Sports activities during Ramadan fasting: A need for guideline recommendations to be incorporated into practice.
Today, worldwide Muslim athletes fast one month each year during the month of Ramadan. Although several studies have been conducted on fasting during the month of Ramadan, there is little data on athletes' performance during Ramadan and this data is greatly inconsistent (1). Some findings demonstrate that intermittent fasting will affect body composition, blood lipid profile, glucose, hormones as well as cognitive function in fasting athletes. Existing data on athletes are mostly limited to laboratory performance tests but not to real world competitions. However, findings are mixed and inconclusive on discovering whether Ramadan may interfere with the level of performance in athletes. Furthermore, we are generally unaware of effects of Ramadan fasting on performance variables in competitions (2). There is also a lack of data regarding the sports related consequences, particularly rate of injuries during Ramadan; given that many people surprisingly, in Islamic countries (e.g., Iran) will adhere to the recreational sport activities on concrete or dirt fields during Ramadan. These people, mostly with low readiness for exercise, might be at greater risk of sports-related injuries when practicing sports between Iftar and Suhur (3).
Through this article we are going to address a few critical issues that may impact the strategies athletes use to deal with Ramadan fasting and sports activity participation. The following list includes several questions that merit attention by future researchers:
- To what extent athletes will experience diminished cognitive performances (e.g., vigilance, memory or attention) in response to Ramadan fasting? Is it evident that athletes with higher cognitive abilities are less likely to experience the induced cognitive impairments compared to those with lower cognitive abilities?
- Which time period of Ramadan fasting (early vs. late days) poses a greater threat to athletes' performance? Might athletes show a pronounced deterioration only at the beginning of Ramadan, which is progressively reversed across the fasting period?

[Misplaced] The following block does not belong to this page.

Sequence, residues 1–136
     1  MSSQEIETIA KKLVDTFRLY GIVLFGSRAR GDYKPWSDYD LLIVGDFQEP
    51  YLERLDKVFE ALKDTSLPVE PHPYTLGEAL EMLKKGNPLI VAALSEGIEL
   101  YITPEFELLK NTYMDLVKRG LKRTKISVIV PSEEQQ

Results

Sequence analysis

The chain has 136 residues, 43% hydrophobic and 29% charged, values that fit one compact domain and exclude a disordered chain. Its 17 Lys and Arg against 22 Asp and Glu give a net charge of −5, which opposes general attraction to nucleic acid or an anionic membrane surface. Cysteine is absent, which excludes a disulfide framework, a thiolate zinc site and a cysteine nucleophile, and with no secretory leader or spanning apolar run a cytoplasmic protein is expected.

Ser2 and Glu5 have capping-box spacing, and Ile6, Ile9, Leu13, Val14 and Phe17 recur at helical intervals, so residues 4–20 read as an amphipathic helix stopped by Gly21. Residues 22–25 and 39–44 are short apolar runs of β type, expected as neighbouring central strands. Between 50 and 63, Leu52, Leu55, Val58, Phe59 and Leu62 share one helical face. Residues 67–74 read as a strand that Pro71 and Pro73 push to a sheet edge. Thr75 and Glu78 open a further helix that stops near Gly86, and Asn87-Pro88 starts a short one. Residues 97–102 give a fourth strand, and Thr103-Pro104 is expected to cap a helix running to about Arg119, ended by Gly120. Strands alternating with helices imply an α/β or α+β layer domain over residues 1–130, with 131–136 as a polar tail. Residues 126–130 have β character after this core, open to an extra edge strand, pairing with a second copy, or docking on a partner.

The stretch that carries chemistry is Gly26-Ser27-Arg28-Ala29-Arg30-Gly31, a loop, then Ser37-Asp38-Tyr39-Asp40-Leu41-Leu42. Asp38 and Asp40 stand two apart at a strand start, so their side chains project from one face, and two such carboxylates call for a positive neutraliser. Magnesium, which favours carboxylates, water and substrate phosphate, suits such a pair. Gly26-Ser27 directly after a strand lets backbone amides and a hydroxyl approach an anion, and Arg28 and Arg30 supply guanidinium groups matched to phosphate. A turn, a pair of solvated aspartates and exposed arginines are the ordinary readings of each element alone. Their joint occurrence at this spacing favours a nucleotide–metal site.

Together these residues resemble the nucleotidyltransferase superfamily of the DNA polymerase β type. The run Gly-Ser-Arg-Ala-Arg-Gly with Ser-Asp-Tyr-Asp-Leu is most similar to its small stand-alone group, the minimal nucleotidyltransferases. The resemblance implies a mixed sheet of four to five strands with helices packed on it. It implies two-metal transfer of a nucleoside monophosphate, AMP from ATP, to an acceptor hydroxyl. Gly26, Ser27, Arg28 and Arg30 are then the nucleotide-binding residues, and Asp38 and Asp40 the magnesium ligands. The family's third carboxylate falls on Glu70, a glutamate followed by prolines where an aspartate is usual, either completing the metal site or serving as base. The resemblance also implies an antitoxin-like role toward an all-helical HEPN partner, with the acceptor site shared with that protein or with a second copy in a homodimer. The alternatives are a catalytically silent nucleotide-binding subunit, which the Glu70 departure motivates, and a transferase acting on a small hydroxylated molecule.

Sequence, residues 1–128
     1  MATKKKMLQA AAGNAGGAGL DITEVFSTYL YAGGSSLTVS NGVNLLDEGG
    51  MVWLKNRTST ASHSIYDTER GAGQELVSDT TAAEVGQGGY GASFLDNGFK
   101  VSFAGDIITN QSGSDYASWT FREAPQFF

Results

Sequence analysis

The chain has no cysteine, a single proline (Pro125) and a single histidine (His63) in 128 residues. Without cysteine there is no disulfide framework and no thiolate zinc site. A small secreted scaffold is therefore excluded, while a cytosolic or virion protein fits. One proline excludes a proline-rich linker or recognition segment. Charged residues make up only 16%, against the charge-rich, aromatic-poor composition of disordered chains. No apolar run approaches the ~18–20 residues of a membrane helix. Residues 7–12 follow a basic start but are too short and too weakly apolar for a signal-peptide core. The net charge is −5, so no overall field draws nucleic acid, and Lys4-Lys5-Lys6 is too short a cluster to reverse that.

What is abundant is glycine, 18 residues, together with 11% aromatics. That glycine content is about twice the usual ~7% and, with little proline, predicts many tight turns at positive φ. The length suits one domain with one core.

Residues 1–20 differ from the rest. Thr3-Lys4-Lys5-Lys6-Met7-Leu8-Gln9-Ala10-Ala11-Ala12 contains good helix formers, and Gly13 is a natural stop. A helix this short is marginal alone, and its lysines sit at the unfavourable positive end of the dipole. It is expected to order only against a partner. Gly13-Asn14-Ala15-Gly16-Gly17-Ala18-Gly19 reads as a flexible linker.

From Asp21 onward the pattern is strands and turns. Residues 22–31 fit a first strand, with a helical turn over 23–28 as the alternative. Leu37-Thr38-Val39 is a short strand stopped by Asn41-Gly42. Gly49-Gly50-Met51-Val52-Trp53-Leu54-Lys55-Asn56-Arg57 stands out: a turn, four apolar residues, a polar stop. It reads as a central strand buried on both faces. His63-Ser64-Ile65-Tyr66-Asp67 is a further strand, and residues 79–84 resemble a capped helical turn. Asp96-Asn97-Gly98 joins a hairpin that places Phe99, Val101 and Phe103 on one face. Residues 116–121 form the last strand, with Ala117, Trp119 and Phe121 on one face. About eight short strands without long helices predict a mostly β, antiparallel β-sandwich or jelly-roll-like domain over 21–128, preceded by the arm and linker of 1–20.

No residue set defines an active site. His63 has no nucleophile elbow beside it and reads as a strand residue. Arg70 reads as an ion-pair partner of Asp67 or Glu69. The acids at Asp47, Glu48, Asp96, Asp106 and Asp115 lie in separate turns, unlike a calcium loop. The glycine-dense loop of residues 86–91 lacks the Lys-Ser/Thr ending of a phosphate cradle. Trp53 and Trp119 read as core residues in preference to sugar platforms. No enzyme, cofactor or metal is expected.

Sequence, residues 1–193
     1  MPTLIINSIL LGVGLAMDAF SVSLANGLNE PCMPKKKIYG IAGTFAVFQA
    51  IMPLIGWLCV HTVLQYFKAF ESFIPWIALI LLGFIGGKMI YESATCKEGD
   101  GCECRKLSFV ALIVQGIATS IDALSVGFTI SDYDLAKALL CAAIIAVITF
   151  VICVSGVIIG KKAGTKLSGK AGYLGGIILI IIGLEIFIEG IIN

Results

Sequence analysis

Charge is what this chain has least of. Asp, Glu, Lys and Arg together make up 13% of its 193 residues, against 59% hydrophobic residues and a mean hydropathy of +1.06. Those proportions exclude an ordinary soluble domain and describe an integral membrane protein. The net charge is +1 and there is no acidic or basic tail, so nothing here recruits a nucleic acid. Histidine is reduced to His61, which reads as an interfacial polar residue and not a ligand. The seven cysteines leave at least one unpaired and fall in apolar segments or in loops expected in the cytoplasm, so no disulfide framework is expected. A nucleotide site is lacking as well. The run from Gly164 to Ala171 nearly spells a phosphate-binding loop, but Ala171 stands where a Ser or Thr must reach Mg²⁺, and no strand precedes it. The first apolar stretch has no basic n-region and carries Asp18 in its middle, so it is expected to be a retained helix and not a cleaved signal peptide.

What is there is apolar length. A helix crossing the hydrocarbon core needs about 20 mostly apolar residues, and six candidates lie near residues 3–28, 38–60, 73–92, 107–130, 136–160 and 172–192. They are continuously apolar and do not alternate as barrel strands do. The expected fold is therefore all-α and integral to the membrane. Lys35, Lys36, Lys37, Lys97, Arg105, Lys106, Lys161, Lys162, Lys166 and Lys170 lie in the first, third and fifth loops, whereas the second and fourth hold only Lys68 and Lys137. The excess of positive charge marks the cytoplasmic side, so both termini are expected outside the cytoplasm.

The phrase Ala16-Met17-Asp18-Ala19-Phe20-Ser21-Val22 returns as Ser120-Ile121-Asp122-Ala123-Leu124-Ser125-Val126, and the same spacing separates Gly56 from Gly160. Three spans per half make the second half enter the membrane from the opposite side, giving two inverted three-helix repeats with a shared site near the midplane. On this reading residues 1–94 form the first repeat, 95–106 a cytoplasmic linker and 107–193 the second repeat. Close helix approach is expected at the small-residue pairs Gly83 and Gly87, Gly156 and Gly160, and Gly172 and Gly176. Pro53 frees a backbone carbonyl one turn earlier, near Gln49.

- Why are a number of athletes resilient to fasting and do not display adverse deterioration of cognitive performance, activity, sleep, and mood? Conversely, who is at greater risk of possible adverse effects of Ramadan fasting?
- To what extent and how might athletes have a better physiological or psychological recovery during Ramadan--specifically in restoring sleep pattern and quality?
- While there has been a negative outlook towards the effects of Ramadan fasting on athletic performances, what is the main characteristic or feature of an intervention that may enhance performance of athletes during Ramadan?
- How can we develop a guideline document, specifying who, when, and how to participate in different levels of training or competitions during Ramadan?
As many international or Olympian athletes are committed to Ramadan fasting, research efforts are warranted to focus on close monitoring and developing interventions to enhance athletes' performance during Ramadan. However, it is expected to develop a guideline of recommendations for athletes on how to (or not to) participate in their training sessions or competitions during Ramadan fasting.
(1.) Memari AH, Kordi R, Panahi N, Nikookar LR, Abdollahi M, Akbarnejad A. Effect of ramadan fasting on body composition and physical performance in female athletes. Asian J Sports Med. 2011;2(3):161-6. [PubMed: 22375235].
(2.) Kordi R, Abdollahi M, Memari AH, Najafabadi MG. Investigating Two Different Training Time Frames during Ramadan Fasting. Asian J Sports Med. 2011;2(3):205-10. [PubMed: 22375240].
(3.) Kordi R, Hemmati F, Heidarian H, Ziaee V. Comparison of the incidence, nature and cause of injuries sustained on dirt field and artificial turf field by amateur football players. Sports Med Arthrosc Rehabil Ther Technol. 2011;3:3. doi: 10.1186/1758-2555-3-3. [PubMed: 21306640].
Hossein Nikfarjad, (1) and Amir Hossein Memari (2,*)
(1) School of Traditional Medicine, Tehran University of Medical University, Tehran, Iran
(1) Sports Medicine Research Center, Neuroscience Institute, Tehran University of Medical Sciences, Tehran, Iran
(*) Corresponding author: Amir Hossein Memari, Sports Medicine Research Center, Neuroscience Institute, Tehran University of Medical Sciences, Tehran, Iran. Tel: +98-2188630227-8, Fax: +98-2188003539, E-mail: email@example.com
Received 2016 August 09; Revised 2016 August 23; Accepted 2016 August 27.
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|Author:||Nikfarjad, Hossein; Memari, Amir Hossein|
|Publication:||Asian Journal of Sports Medicine (AsJSM)|
|Date:||Mar 1, 2017|
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